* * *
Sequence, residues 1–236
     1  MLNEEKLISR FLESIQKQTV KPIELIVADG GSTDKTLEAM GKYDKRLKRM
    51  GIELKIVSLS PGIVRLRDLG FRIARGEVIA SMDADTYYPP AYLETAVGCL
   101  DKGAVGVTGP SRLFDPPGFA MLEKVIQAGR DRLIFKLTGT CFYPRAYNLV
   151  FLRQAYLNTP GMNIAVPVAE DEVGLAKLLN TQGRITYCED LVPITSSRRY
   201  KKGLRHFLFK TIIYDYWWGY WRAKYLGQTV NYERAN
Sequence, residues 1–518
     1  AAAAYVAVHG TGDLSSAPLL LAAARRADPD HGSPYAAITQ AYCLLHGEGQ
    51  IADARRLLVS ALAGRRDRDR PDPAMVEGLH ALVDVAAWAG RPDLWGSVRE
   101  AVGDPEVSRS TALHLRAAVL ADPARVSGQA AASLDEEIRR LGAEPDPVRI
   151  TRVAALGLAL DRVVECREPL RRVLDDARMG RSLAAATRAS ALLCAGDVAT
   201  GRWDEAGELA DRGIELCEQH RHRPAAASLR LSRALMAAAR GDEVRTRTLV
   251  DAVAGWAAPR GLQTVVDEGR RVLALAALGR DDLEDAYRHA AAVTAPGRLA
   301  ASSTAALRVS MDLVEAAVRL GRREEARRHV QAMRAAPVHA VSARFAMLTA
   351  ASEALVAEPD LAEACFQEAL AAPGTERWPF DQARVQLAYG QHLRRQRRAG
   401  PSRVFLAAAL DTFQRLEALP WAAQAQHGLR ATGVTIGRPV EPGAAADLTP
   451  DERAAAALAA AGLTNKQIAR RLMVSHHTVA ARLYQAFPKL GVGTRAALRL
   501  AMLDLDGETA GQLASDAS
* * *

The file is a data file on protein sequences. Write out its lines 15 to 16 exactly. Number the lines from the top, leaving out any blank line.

   351  ASEALVAEPD LAEACFQEAL AAPGTERWPF DQARVQLAYG QHLRRQRRAG
   401  PSRVFLAAAL DTFQRLEALP WAAQAQHGLR ATGVTIGRPV EPGAAADLTP